Winner of The Poetry Society of America’s Norma Farber First Book Award 2006
Selected by Medbh McGuckian
In Cammy Thomas’s poems we are immediately thrust into the ice-crack of family legacy, guided by Thomas’s chilling unsurprise in the face of violence or violent austerity. The simplicity of her language suggests that this austerity is fundamental, irrevocable, and yet something in Thomas’s fierceness also suggests it can be faced down.
“Cammy Thomas’s tough little lyrics revisit a childhood as if through a prism: they contain the whole, but refract it into distinct panes so we can see up close what would be too terrible intact. Their utter spareness and refusal to sentimentalize the hard facts make them both spooky and powerful. What’s most moving to me is the way the child survives as a ghost inside the adult. It’s as if the child has finally allowed the adult to say what was, until now, unsayable.” — Chase Twichell
“These fiercely clear-eyed, dry-eyed poems see what is given to them to see with the strange, steady lucidity of a fever dream. It is a charged inheritance, both dark and tender, lush and harsh. Here, ‘stern old god the father/ ashed his cigar/ in a silver porringer,’ while the mother (in ‘Snake’) ‘scoops up something/ nothing to it she says/ as it writhes in the air/ and we back away admiring.’ What are we offered that might not burn or bite? Books, bottles, shotguns, violins, all the family instruments of sweetness and destruction as orchestrated in Thomas’s heart-breaking poems, these are manifestly musical instruments, with a music both haunting and halting, aware of the harm in charm. And yet there is a gusto, too, in the sound, for example, of ‘rococo radiators whanged with sticks,’ that promises not to be beaten, to give back as good as it gets.” — Jennifer Clarvoe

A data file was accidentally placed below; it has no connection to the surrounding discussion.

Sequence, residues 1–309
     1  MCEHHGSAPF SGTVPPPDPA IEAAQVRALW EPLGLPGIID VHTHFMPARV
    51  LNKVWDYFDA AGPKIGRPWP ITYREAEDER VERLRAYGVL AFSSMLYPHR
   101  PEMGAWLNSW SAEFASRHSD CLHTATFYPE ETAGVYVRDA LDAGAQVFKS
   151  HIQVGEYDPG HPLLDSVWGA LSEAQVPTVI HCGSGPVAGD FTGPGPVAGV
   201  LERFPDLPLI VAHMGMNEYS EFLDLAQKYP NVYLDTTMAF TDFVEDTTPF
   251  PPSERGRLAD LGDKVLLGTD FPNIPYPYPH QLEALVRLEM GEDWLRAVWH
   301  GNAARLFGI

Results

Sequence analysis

“What a fierce beauty, something ‘coiling and jeweled/ twisting in the dark,’ Cammy Thomas has brought into the light in Cathedral of Wish. Out of the blazing havoc, the searing extravagance of the family crucible, after the consuming flames, what remains in these poems is only the hardest substance, only the stuff that’s true.” — Gail Mazur
“Cathedral of Wish by Cammy Thomas is a difficult, possibly belated, certainly hardearned, collection. A first book is nearly always autobiographical and personal, and this one is so burningly. These ‘gasps,’ for such they are, at the extremes of family brutality and shame, where only the italicized parental speeches are punctuated, reveal a painful story that is all too familiar, without self-pity, charting a male power and abuse so starkly as to be almost a political diagnosis. Infidelity is the crux of Shakespeare’s sonnets and the central experience sublimated by Yeats: here the ambivalence is ‘anguish dimmed but with it, rapture.’ Other fine and noteworthy nearwinners had more verbal ingenuity, more varied thematic density, yet none had quite this sustained and tragic unrelievedness, where what is not said is even more haunting than what is. . . .” — Medbh McGuckian, judge